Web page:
Charlie Gard expected to be evaluated in London early next week
A US doctor told the court the baby has an 11% to 56% chance of improvement
Baby Charlie Gard, the 11-month-old with a rare, terminal medical condition who has been the center of an ongoing legal battle, will be evaluated by a doctor from the United States.
Charlie will be examined early this week, in London, by Dr. Michio Hirano, a neurologist at New York’s Columbia University Medical Center. Hirano is developing an experimental therapy that has been used on at least one American patient with a similar but less severe mitochondrial disease. He specializes in myopathies and other neuromuscular diseases.
Charlie was born in August with mitochondrial DNA depletion syndrome, a progressive disease that causes muscle weakness and loss of motor skills, leaving those who have it unable to stand, walk, eat, talk and eventually breathe. Charlie will die from his illness, his doctors have said.
His parents, Chris Gard and Connie Yates, successfully raised money in hopes of bringing their son to the US for an experimental treatment, but doctors at the Great Ormond Street Hospital in London, where Charlie has been since October, argued in court that it was not in their patient’s best interest.
After a series of hearings and appeals in several courts, the European Court of Human Rights decided on June 30 not to intervene in the case, which upheld a British Supreme Court decision that the hospital could discontinue life support to Charlie and he could not be transferred.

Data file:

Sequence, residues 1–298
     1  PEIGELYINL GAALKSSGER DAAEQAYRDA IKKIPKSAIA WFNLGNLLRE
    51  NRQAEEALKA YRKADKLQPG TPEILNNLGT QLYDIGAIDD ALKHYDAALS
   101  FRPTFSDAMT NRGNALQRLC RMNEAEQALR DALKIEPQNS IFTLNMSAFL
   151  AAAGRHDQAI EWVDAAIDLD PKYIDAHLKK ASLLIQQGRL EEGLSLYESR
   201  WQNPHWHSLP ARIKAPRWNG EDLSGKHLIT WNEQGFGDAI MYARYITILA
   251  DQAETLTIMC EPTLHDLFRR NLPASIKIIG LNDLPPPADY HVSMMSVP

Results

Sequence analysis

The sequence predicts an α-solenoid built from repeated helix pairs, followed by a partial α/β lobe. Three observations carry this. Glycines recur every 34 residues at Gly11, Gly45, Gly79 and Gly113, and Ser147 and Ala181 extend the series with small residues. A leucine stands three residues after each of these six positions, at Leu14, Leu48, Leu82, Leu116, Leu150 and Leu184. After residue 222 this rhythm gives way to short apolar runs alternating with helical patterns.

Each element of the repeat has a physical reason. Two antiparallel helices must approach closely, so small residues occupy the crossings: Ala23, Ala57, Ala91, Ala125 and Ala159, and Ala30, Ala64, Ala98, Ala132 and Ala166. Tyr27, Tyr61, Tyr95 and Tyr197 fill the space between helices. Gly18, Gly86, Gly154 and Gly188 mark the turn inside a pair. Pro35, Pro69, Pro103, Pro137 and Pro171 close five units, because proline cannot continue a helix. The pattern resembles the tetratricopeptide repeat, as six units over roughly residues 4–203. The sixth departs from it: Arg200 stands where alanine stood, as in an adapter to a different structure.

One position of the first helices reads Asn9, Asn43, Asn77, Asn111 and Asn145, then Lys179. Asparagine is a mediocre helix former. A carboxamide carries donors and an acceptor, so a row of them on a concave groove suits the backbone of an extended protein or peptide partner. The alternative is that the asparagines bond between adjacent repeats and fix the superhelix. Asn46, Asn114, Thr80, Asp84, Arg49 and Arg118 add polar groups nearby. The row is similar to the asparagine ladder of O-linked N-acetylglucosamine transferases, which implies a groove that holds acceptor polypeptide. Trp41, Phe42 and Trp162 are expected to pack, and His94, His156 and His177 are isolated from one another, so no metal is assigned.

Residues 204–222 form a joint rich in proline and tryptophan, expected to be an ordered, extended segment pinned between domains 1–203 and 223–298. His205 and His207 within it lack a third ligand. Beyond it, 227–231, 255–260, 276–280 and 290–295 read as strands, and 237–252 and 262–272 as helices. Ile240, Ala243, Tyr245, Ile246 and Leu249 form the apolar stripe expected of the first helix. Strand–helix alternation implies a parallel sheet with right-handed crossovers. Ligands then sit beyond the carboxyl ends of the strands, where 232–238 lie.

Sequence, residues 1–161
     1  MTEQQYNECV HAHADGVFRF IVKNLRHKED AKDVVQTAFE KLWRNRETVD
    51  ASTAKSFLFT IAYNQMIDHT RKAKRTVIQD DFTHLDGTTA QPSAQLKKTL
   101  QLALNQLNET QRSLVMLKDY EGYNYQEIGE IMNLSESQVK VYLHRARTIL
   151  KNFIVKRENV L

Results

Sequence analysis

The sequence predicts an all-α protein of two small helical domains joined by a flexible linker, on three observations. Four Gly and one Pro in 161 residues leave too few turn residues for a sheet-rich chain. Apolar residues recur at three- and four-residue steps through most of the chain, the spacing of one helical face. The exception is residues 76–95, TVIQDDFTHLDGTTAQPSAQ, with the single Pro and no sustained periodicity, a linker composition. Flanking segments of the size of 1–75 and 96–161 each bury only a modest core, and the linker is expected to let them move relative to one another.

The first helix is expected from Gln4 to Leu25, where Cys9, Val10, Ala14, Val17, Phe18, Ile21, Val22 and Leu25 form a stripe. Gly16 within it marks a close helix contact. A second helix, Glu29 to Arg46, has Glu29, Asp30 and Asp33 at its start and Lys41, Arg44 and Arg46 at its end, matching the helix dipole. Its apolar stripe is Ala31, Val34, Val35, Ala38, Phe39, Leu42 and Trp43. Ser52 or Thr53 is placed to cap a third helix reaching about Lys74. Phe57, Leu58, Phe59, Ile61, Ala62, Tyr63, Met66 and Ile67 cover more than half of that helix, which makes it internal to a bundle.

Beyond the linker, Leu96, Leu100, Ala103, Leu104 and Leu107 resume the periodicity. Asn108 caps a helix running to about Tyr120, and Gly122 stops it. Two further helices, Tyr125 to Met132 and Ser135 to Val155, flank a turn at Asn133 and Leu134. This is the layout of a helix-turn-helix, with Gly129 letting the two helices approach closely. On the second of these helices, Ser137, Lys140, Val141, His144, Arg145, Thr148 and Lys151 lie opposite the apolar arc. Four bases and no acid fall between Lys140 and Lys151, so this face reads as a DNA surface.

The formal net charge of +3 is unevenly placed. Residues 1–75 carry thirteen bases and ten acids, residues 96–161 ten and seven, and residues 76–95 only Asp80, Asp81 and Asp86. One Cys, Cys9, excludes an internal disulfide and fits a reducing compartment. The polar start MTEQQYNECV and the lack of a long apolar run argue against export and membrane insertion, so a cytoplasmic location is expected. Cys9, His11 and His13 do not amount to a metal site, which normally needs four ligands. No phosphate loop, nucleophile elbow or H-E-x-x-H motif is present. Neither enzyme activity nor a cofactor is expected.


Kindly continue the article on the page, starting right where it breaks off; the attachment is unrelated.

The emotional case went to the UK High Court last week after the hospital requested a new hearing to consider “new evidence relating to potential treatment for his condition.”
On Thursday, Hirano told Justice Nicholas Francis that the baby’s MRI scan did not necessarily indicate structural damage to the brain. He said there was an “11% to 56% chance of clinically meaningful improvement” in muscular function with the proposed treatment. Hirano added that keeping Charlie on a ventilator would not cause him harm because he did not seem to be in any significant pain.
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The Great Ormond Street Hospital told the court their position remains unchanged, that every medical treatment option had already been explored, and that any experimental treatment would be unjustified.
In addition to evaluating Charlie, Hirano will meet with doctors and others, on Monday and Tuesday, who have been caring for him. After much debate in court on Friday over whether Charlie’s parents will be present for this, the Judge announced that Yates will be allowed to attend. An individual, who will remain anonymous by court order, will chair the meetings.
Francis will then consider information from Hirano to inform a decision from the court, which he has said he hopes to render by July 25.
According to the barrister presenting to the court on Charlie’s behalf, Charlie’s court-appointed guardian saw him last week and is concerned about the deterioration in his physical condition.
CNN’s Laura Smith-Spark and Hilary Clarke contributed to this report